Sunday, November 24, 2013

Thanksgiving and the American Atheist

I say American Atheist because, well, it's a bit late for our friends in Canada, who don't have as big an issue with this as I understand. :)

For us down here in the US of A, though, the first of our real family  holidays show up. Yes, we had halloween, but we don't typically have people joining together for halloween dinner or the like - it's more a time to let the kids dress up (or go to a party yourself.) So the first one - Thanksgiving - is on its way.

Thanksgiving is the first one that can be awkward for an atheist. Especially a new one. I don't know about your home or family, but mine had everyone together (or everyone local, depending) and giving thanks meant praying. It's not a religious holiday - though I'm sure some will paint it as one. But it still can lead to this awkward moment where you're asked to give thanks. Or the fact you're an atheist may come up.

If this is when you expect to out yourself... I'd generally suggest another time. It's easier, to me, to approach people one or two at a time when you think they can deal with the news and say "Hey, by the way" than stand up in the middle of everyone and go "Guess what, folks!" You don't want to be that person remembered for "ruining" thanksgiving. (Which some may see it as.)

You might mention it to one or two people at this time, though - that's up to you.

So what if it happens? What if you're all sitting at the table and they look at you and say "Hey, Phil (or Susan or Eddie or Jasmine or whatever your name is,) would you say grace?" Some of us are going to have *that* moment where we ask ourselves just what we do?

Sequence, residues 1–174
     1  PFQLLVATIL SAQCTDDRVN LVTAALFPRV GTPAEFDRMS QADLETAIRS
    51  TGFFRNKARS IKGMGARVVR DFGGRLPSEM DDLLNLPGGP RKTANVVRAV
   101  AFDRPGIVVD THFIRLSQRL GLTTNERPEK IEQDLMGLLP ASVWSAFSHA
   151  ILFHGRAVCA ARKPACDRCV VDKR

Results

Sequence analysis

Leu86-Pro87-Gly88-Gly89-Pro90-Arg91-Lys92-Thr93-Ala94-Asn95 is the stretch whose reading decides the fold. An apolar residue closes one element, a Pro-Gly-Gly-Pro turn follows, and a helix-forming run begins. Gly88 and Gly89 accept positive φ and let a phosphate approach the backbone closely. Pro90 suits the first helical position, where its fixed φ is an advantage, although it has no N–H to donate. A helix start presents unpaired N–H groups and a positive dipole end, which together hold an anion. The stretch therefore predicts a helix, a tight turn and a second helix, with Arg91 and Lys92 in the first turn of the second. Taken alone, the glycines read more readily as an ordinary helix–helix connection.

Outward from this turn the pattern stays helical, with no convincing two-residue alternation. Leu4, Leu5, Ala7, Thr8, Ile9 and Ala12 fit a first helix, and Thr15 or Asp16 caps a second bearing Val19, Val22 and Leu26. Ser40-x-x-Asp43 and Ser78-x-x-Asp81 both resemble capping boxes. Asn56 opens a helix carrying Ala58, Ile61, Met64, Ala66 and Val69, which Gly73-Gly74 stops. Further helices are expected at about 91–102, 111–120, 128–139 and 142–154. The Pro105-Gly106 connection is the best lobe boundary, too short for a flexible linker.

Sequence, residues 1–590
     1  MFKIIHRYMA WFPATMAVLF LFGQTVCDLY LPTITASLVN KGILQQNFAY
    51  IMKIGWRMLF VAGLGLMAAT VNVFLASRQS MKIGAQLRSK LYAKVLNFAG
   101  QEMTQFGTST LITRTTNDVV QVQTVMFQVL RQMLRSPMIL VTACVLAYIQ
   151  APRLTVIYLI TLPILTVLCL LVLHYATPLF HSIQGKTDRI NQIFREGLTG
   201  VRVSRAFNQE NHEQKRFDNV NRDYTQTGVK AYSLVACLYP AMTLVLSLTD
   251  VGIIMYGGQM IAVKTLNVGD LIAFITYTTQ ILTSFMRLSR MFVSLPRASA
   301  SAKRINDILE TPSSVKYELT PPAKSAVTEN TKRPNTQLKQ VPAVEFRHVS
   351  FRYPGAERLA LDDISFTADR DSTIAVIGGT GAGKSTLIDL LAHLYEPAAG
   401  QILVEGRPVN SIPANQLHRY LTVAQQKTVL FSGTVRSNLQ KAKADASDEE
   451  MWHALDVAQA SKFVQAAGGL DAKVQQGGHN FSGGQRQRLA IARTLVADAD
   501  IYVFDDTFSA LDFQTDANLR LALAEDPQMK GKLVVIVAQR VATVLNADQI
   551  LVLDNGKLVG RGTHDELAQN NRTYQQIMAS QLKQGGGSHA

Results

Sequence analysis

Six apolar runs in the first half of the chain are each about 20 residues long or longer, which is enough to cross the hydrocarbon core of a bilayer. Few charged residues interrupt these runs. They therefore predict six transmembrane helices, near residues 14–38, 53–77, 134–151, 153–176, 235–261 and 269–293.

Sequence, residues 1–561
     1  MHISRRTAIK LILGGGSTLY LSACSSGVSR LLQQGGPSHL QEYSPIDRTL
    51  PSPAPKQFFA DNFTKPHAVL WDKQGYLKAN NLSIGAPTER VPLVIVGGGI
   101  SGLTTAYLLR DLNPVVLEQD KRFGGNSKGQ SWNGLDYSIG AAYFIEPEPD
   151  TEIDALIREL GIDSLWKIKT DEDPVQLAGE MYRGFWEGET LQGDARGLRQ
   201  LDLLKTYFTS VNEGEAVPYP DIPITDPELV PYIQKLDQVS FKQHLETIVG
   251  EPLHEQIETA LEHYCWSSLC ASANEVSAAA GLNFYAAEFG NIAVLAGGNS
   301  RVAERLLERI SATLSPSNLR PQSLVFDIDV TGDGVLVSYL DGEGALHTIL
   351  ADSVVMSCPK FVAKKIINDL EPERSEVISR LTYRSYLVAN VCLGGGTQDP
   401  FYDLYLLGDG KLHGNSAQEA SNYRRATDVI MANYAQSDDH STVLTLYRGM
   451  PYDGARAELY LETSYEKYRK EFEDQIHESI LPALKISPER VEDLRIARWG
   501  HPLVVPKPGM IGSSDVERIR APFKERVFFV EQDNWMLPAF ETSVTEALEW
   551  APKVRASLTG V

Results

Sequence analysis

You can say no, of course, but that's awkward. You'll be "that guy," again.

Or you can think about it ahead of time, just in case, and when they ask you to give thanks, say sure - and then *give thanks.* This doesn't mean praying! This doesn't mean giving up who you are and what you believe (or acting like you believe in something you don't.) Remember, thanksgiving is not a religious holiday, or even act. Just *give thanks.*

Something like...

"Instead of praying, I'd like everyone to just think about the last year. This day, today, that we're together is called thanksgiving - and we have a lot to be thankful for. That we're here at all to be thanksful, and to spend time with each other. That we have a roof over our heads and heat (or air conditioning, depending on where you are.) That we are fortunate enough to live in a country where we aren't fearful to leave our homes, we're not wracked by civil war or invasion. That we didn't have to go out day in and day out to farm the fields and raise the food we're gathered to eat tonight - someone did, and we should be thanking them, and the people who delivered and thanked it, but that despite recent times we're prosperous enough to be able to go to the store and buy the fruit of their labor...."

And so forth and so on. Just get people to think about what they *are* thankful for. Go with whatever your situation is. There's no need to mention a god at all.

And if you're not the one saying it? Sure, hold hands... they're your family. But keep your eyes open. Look around.

... Then get ready for hannukah or christmas.

No comments:

Post a Comment